Special Education Legal Fund-Sophia

Sophia is an eleven-year old girl.  In some ways, she is like other young girls.  She likes to make friends, listen to music, and cuddle with her stuffed animals.  She wants to be a children's book author when she grows up. She has a creative imagination and a beautiful smile. 

In other ways her life is very different from other children.  Sophia is a surviving twin and one of the smallest babies in the world to survive, weighing only 10 ounces (290 grams) at birth. Sophia spent seven months in the Neonatal Intensive Care Unit and came home with oxygen, a feeding tube, and numerous medical conditions.  She has spent a lot of her life in hospitals and doctor's offices.  Sophia is legally blind and has several other eye conditions.

Sophia is a child with a severe visual impairment.  Every doctor, therapist, and expert agree on this fact.  Federal and state disability law secure certain educational rights for Sophia.  However, she has lived her entire life without the public schools in Texas rightfully acknowledging her disability and providing her educational services. No cane training, no magnification devices, no braille, no Teacher for the Visually Impaired, no technology, no independent living skills training, no orientation and mobility training, etc. 

What does Sophia's visual impairment mean for her?  Sophia has to have something 4-6 inches from her face to see it.  This means that reading print material and being able to read for a prolonged period is impossible without assistive technology.  Sophia cannot see the chalkboard, even if she is sitting 5 feet away.  She does not have facial recognition if she is more than 5 feet from someone.  This means that you may be her mom or her best friend, she can't see you well enough to tell exactly who you are.  And even then, she has a difficult time recognizing and interpreting facial expressions.  This impacts social situations dramatically. Sophia does not have depth perception.  That means that she can't see changes in terrain or elevation, like curbs or stairs, carpet changing to wood flooring, or  a door mat.  She has very limited peripheral vision.  Her severe visual impairment limits her ability to navigate her environment independently, perform daily living skills (dressing herself, brushing her teeth, food preparation, etc.), and develop study and organizational skills.

Our family had to sue two school districts for them to even acknowledge that Sophia has a disability. Before legal proceedings, the school district had determined something no doctor's diagnosis would support. The school district said Sophia did not have a disability and did not qualify for special education services.  To make matters worse, it has been uncovered that the Texas Education Agency secretly capped special education services in Texas and as a result many thousands of children have been denied the special education services vital to their development and education.  Sophia is one of these children.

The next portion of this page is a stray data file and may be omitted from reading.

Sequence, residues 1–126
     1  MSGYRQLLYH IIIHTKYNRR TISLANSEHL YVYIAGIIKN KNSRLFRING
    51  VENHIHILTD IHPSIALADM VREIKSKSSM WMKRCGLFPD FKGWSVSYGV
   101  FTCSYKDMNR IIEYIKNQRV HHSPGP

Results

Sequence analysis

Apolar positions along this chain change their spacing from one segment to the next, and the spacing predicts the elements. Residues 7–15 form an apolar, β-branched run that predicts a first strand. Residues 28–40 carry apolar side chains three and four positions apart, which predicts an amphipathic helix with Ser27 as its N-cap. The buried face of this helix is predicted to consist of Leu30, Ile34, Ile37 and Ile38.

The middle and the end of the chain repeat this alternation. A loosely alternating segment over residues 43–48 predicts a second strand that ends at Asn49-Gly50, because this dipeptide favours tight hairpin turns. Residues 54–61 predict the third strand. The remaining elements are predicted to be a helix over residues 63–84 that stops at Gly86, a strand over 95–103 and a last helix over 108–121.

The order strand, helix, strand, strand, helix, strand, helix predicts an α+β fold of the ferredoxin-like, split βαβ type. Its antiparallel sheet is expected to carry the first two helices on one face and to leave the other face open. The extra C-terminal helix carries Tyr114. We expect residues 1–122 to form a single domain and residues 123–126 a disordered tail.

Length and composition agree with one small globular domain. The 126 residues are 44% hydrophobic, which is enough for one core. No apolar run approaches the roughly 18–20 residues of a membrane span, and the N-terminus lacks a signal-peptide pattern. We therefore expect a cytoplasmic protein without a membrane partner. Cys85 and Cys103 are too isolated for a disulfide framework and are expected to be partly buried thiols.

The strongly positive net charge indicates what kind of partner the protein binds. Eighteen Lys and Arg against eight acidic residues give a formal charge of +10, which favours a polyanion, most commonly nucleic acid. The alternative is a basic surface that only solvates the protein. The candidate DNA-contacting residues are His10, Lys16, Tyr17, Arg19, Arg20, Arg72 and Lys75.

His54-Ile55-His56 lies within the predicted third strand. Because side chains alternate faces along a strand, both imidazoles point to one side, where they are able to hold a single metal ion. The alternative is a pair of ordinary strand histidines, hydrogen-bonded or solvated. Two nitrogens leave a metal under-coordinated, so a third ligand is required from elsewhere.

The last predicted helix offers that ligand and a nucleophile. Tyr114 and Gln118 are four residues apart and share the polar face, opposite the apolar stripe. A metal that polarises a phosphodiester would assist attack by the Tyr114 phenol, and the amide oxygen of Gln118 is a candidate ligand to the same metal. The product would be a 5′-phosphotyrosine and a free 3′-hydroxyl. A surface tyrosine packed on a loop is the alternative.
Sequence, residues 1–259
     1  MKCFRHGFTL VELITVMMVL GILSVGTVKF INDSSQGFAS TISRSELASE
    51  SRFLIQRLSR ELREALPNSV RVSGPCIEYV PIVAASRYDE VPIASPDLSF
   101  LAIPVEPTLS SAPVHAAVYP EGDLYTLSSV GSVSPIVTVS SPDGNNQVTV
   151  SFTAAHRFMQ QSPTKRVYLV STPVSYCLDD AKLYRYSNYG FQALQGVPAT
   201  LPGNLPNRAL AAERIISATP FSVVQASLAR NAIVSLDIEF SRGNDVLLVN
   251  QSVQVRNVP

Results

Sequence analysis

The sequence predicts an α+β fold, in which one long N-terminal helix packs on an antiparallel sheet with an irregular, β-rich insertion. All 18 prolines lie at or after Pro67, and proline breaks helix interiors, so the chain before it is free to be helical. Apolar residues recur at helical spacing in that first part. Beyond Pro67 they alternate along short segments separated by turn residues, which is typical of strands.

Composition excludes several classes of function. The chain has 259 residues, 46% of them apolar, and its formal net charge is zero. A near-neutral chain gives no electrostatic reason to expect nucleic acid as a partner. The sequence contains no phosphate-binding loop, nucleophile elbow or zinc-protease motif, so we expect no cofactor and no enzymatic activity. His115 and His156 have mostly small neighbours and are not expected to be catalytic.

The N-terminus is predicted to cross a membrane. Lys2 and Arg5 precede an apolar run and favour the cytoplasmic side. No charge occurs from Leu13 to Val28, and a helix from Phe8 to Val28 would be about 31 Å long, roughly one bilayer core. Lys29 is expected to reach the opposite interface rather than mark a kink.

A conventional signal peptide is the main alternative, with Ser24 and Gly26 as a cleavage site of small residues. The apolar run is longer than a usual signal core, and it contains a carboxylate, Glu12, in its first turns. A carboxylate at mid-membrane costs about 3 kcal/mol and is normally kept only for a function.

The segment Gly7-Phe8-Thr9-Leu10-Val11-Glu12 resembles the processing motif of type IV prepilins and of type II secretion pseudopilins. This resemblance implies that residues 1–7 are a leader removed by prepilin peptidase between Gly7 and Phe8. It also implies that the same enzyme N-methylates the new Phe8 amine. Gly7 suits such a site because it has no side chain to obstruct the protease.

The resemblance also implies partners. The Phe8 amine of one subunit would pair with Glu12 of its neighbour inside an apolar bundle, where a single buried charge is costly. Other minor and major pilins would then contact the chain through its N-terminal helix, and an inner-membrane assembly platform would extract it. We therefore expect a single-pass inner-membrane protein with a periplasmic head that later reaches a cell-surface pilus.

In December 2016, the Houston Chronicle included Sophia in one of the stories it did on the 8.5% cap the Texas Education Agency secretly put on children with disabilities receiving special education services in Texas.  You can read the story here: 

In October 2016, the Federal government began investigating the systematic denial of special education services to children with disabilities in Texas.  The Texas Education Agency (TEA) finally stated it would end the special education cap.  In May 2017, the Texas Legislature acknowledged that an illegal cap had been put on special education in Texas and passed a bill that ordered TEA to never again cap the number of children enrolled in special education programs. Ending the cap is only the first step to ending the injustice.

Sophia's case is now beginning it's journey in Federal Appeals court.  

It is our family's goal to seek justice for Sophia, but also to change the system for all children with disabilities in the state of Texas.

School district's have large legal budgets that allow them to outspend and outstay most families.  Many families that would like to seek legal recourse cannot because of the extreme expense and complexity of the process.  All of this is in addition to the challenges of caring for a special needs child.  Our family has paid for all of Sophia's educational expenses, therapies, vision aids, and legal expenses until now.  Plus,  we have paid decades of property taxes to school districts that deny our daughter special education services. The costs are staggering.  

We would like to continue our efforts to change the educational system for children with disabilities in Texas through both the court system and through advocacy.

Donations made to Sophia's Special Education Legal Fund will be used exclusively to pay for legal expenses for the Federal Appeal.  If funds are remaining, we will use them solely for advocacy work and to support organizations that are advocating in Texas for visually impaired students and students with disabilities.

We are grateful for your financial support, your prayers, ideas, stories, and encouragement. 

Without your financial support, we cannot continue this fight.
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Heather Beliveaux 
Pearland, TX